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Moral void in Chinese success story

Friday, October 21, 2011
SINGAPORE ,The Straits Times / Asia News Network


It used to be said of the most destitute and populous of African countries that life was cheap. Hunger, disease and sometimes tribal warfare performed nature's random acts of mercy, it was claimed. No one could get away with saying that of the new China -- over- populated in parts and poor in patches, yes, but look at the stunning change. Life gets better and is to be savored. But the case of a little girl, aged two, who was left to die on the road after being run over by two vehicles as passers- by hurried away, has exposed a dark side of the modernizing China: a lust for materialism without a balancing morality. This ought to trouble every quarter of society - ordinary folk, the intelligentsia, wealth chasers, the media, law enforcers. Above all, the leadership of the Chinese Community Party.

Has frenzied competition for a better life, not necessarily to acquire great riches, lobotomized the people of inherent values like common decency, compassion and feelings of fellowship? What were the passers-by thinking when they came upon the mortally wounded girl? The one bright spot in the episode is that ordinary Chinese are asking themselves this question after a graphic video of the incident was aired. But not at all encouraging is that such incidents of callousness and cruelty are rife, and will probably be repeated ad nauseum.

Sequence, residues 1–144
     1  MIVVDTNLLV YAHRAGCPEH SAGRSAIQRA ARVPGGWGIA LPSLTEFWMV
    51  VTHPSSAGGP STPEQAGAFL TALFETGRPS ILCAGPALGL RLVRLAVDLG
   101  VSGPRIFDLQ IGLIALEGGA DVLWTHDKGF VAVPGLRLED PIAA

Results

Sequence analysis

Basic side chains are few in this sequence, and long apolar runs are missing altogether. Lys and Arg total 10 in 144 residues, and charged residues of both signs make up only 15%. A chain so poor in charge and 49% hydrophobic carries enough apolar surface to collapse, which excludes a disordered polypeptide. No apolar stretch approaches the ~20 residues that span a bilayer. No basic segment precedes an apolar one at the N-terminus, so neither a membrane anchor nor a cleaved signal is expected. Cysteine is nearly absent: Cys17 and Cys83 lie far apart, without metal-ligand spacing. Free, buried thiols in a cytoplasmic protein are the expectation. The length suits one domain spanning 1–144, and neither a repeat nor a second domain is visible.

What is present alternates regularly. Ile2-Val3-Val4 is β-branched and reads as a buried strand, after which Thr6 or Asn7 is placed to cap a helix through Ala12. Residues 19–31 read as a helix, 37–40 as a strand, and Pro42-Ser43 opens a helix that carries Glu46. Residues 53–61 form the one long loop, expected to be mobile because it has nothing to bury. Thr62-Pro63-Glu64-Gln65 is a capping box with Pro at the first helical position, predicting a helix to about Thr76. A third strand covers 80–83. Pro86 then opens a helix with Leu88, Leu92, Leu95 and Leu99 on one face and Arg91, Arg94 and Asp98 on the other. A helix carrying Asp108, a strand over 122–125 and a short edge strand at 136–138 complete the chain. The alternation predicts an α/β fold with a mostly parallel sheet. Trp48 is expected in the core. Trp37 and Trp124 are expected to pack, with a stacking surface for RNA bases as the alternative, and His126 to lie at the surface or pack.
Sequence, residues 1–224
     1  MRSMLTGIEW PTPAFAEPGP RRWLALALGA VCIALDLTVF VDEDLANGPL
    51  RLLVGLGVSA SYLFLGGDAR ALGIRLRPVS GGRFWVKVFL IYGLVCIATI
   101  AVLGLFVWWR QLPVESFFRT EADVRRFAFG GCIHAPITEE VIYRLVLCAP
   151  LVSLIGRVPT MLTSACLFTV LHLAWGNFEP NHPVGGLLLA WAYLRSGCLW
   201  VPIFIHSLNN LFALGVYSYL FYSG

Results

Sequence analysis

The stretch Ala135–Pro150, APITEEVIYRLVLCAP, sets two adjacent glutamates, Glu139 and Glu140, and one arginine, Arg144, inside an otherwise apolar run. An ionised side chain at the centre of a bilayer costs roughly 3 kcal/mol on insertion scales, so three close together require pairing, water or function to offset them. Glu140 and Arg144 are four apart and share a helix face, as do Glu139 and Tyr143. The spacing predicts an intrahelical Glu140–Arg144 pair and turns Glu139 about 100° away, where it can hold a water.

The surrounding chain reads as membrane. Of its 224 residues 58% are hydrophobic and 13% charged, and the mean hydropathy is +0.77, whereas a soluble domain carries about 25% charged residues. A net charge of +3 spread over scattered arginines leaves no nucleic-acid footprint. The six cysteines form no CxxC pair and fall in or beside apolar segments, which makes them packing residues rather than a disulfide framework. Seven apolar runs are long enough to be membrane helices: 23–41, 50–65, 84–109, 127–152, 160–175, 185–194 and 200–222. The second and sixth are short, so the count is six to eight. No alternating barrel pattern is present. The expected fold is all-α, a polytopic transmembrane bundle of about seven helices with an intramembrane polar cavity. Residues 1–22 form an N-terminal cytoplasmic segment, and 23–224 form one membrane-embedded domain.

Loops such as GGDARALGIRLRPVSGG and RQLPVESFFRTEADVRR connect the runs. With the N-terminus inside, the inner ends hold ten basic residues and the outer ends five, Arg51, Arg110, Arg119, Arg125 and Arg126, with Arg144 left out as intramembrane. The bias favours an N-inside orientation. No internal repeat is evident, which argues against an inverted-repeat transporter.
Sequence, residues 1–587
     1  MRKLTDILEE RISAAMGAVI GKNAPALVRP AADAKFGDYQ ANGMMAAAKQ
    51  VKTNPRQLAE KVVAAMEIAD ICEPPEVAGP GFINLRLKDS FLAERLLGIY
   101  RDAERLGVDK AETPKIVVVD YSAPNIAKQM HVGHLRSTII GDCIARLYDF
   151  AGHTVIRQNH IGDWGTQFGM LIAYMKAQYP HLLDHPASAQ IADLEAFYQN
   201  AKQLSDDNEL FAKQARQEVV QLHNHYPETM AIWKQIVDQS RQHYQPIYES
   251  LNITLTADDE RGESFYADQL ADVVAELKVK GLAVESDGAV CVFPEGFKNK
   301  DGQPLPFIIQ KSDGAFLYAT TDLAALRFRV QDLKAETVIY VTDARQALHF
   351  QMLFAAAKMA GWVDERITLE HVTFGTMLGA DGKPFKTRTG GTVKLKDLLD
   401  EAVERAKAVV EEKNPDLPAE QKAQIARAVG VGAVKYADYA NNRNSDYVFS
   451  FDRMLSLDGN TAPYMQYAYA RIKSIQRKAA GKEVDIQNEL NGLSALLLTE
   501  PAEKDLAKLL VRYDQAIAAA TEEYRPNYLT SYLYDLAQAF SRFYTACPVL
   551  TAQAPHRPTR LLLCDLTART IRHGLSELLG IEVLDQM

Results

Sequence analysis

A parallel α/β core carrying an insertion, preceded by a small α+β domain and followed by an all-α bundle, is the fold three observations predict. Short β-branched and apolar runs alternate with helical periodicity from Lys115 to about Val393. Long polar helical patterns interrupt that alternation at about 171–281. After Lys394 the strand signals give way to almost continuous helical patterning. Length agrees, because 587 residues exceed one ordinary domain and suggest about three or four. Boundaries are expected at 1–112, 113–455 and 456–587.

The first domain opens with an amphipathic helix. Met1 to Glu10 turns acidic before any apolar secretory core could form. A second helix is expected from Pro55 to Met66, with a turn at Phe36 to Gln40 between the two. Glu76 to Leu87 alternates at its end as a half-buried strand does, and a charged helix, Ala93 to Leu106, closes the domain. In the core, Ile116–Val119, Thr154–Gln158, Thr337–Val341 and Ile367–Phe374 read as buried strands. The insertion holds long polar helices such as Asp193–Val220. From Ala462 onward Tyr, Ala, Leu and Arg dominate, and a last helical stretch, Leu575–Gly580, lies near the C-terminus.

The habit of not coming to the aid of individuals in an emergency is being ascribed in online and media comment to a moral void created by rapid societal change. But thoughtful people doubt the rush for jobs, assets and family security explains the condition fully. Some say that the 1960s-1970s Cultural Revolution which overturned traditions of hierarchical respect and familial protection had ushered in social coarsening. The capitalist switch that came after worsened it. Suspicion and distrust were the hallmarks. Minding one's business was a reflex, an impulse for self- preservation. Before that era of madness, the failed Great Leap Forward which triggered a massive famine made competition for food a life and death contest. Selfish habits were forged in those twin traumas, it is said.

Another explanation: People are reluctant to help as they could be implicated in legal proceedings. Cases of good deeds gone wrong have instigated calls for a good Samaritan indemnity law, patterned on a California statute enacted after people were sued for “improperly” aiding accident victims. This goes to the heart of China's moral dilemma: Is not the urge to help people in distress unconditional? The Beijing leadership will have to respond if the uproar does not let up. Successive leaders have been good at prescribing ways for the people to be gloriously rich. Now, to be gloriously helpful. How might that be done?

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